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bedtime story
my grandfathers' fingers
touching the Braille


- Shared by John Wisdom -
Joys of Japan, 2012


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Blind People and Elephant 盲人と象 - Hokusai



O how they cling and wrangle, some who claim
For preacher and monk the honored name!
For, quarreling, each to his view they cling.
Such folk see only one side of a thing.


Buddha


. Katsushika Hokusai (1760-1849) 葛飾北斎 .


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座頭かと人に見られて月見哉 / zatō
zatoo ka to hito ni mirarete tsukimi kana

I appear to people
like a blind man
watching the moon . . .


Written in 1686, Basho age 43. 貞亨3年八月十五夜
Basho was wearing the outfit of a monk, often used by blind poeple.

The cut marker KANA is at the end of line 3.
zatoo was one of the four grades of the Biwa Hooshi singers 琵琶法師:
kengyoo 検校 - bettoo 別当 - kootoo 勾当 - zatoo 座頭

During the Edo period it was also used for other kind of blind people.


. Matsuo Basho 松尾芭蕉 - Archives of the WKD .


. tsukimi 月見 つきみ moon viewing .


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. Pagoda and Stone Pagoda - Topics for Haiku



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8 comments:

Billie Dee said...

a blind girl
sits beneath the cherry tree
enjoying the view

white-out
a blind woman listens
to the snow

Thank you Gabi san for bringing this issue to our attention.

--Billie Dee
California, USA

brett brady said...

park bench...
her hand resting on his
white cane



-brett brady

Gabi Greve - Basho archives said...

座頭かと人に見られて月見哉 

zatō ka to / hito ni mirarete / tsukimi kana

Matsuo Basho

Gabi Greve - facebook said...

the blind man
watching everything
with his ears

Donall Dempsey, fb

Gabi Greve said...

shakutoo-e 積塔会 (しゃくとうえ)
ceremony for blind people

..... shakutoo-e 石塔会(しゃくとうえ)
shakutoo 石塔(しゃくとう)"stone pagoda"
..... shakutoo 積塔(しゃくとう)
zatoo shakutoo 座頭積塔(ざとうしゃくとう)

Gabi Greve - Kappa said...

Netsuke of Kappa Leading a Blind Man

Gabi Greve - Darumapedia said...

Edo Edo Edo
sokuriki 足力 "strong legs" massage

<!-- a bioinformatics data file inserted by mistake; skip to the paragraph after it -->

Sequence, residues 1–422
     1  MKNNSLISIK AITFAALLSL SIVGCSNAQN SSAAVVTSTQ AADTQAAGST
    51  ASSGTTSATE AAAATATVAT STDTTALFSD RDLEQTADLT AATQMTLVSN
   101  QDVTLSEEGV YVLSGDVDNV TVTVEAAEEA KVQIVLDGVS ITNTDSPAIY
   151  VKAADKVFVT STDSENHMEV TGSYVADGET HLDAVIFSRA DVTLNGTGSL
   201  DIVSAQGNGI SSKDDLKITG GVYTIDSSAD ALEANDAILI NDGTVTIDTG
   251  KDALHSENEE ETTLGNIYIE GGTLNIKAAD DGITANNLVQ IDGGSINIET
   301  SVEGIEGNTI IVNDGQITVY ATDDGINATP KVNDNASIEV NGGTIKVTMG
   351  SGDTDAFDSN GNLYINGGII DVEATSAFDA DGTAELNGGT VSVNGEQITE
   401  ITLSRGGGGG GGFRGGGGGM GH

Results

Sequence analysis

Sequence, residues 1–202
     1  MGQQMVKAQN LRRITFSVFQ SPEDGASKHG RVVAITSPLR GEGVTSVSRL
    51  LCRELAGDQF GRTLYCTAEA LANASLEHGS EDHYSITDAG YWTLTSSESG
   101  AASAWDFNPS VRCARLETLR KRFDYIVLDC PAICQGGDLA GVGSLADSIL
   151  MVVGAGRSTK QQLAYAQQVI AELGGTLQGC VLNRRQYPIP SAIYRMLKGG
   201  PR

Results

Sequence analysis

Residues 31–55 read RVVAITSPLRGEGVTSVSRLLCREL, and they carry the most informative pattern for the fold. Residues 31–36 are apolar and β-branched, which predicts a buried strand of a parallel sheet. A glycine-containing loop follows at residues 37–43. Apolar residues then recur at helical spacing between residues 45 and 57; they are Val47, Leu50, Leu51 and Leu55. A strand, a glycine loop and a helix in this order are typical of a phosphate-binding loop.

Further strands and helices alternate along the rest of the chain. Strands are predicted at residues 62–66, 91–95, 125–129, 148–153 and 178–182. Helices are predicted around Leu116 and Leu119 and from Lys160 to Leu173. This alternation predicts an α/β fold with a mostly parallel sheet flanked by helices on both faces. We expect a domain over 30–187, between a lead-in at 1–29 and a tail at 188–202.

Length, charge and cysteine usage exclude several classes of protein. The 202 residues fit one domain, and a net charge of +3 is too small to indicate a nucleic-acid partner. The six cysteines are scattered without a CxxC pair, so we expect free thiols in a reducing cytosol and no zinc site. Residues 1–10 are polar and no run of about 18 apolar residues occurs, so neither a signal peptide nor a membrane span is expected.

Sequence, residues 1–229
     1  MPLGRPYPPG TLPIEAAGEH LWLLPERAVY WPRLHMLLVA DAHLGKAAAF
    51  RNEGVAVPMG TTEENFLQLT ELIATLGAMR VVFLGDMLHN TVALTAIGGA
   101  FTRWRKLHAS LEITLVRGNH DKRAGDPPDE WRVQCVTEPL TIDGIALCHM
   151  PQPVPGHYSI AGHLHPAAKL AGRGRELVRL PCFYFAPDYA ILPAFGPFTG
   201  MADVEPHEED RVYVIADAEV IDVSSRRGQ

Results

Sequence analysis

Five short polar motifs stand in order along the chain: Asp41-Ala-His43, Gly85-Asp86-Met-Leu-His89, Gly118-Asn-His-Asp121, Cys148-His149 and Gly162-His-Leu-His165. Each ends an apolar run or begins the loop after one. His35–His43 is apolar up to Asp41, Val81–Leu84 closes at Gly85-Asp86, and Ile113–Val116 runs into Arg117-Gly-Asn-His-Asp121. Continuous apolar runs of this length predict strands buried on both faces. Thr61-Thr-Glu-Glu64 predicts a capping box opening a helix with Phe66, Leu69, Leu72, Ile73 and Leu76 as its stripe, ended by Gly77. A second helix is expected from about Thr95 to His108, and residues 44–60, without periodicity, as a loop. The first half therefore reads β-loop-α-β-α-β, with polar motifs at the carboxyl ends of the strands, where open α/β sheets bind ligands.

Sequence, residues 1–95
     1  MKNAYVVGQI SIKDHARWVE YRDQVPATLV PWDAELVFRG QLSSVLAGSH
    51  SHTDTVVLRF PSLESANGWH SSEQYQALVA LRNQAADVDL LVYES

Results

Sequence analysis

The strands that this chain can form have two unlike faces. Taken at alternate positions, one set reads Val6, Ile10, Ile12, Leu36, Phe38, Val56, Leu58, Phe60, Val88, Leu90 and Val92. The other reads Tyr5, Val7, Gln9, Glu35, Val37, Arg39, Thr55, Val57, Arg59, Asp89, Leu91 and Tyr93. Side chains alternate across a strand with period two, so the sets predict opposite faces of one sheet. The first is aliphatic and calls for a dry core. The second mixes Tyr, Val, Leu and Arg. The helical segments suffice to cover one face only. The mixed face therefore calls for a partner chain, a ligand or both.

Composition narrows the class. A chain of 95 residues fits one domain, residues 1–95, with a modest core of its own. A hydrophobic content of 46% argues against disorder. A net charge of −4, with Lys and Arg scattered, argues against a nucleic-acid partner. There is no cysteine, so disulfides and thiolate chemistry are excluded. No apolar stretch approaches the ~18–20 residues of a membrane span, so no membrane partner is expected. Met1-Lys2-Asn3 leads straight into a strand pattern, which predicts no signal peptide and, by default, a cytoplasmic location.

sokuriki anma 足力按摩 / 足力あんま massage with the feet


A kind of massage with the feet, by stepping on the back and kicking the patient.

anma 按摩 Amma massage
.

Gabi Greve said...

Kobayashi Issa

座頭の坊中につつんで時雨けり
zato no boo naka ni tsutsunde shigure keri

cold hard rain
enfolding within it
a blind musician


This hokku is from the eleventh month (December) of 1814, when Issa had left his hometown and was on a trip to Edo to formally say farewell to the haikai poets and teachers he knew there before he moved back to his hometown in the mountains of Shinano.

The term zato no bō that constitutes the first line refers to a blind man of a certain official rank recognized by the shogunate as a form of welfare for the blind. There were four ranks of skilled professional blind performers, and zato no bō, the fourth of these ranks, literally meant 'a priest who sits in the seat of honor at a za or place where something is performed.' Sometimes all four ranks were simply referred to in daily language as zato or zatō. People of all four ranks were most commonly licensed to perform with a large biwa lute, a three-stringed shamisen, or a koto zither. Some blind people of zato no bō rank were also licensed to do acupuncture or massage or even to work as sumo wrestlers. People of the fourth rank were regarded as the least skilled, although ranks could be bought with money. Some performers were actually Buddhists priests, but the term 'priest' was euphemistic and referred to the custom for all members of the four ranks to shave their heads, whether they were priests of not. These musicians were very proud of their skills and made a living by going to people's houses and to parties or festivals and performing there.

In the hokku one such performer carries his biwa lute or similar instrument toward a home or building where he will give an intimate performance, or perhaps he is on the way home after a concert. A series of sudden rain showers are falling on this day, so he has probably put his instrument in a bag to protect it from the rain. The December rain must be almost freezing cold, and at the moment it is probably coming down hard (-keri), making it difficult for the man to go forward without slipping and falling. The rain is falling so hard it enfolds or wraps the musician within it, so he can probably be heard tapping and perhaps singing in the street before he can be seen. As he sings he may feel a lot like some of the melancholy people he sings about so beautifully during his performances. This strong, dynamic image by Issa is also a bit heroic: the musician keeps on going forward in spite of his difficulties though an intense, collective world of nearly pure sound in which visibility, even for those who can see, isn't much above zero.

In this picture a blind musician plays his biwa lute and sings about medieval warriors in battle:
http://june.fc2web.com/c_biwa.gif

Below is a picture of a biwa performer (in this case a specter or ghost [yōkai] posing as a blind biwa player) with his instrument inside a protective bag:
https://upload.wikimedia.org/wikipedia/commons/thumb/8/89/Oda_Umizato.jpg/270px-Oda_Umizato.jpg

* The word bōchū / bōjū (坊中) does not seem to appear in this hokku.

Chris Drake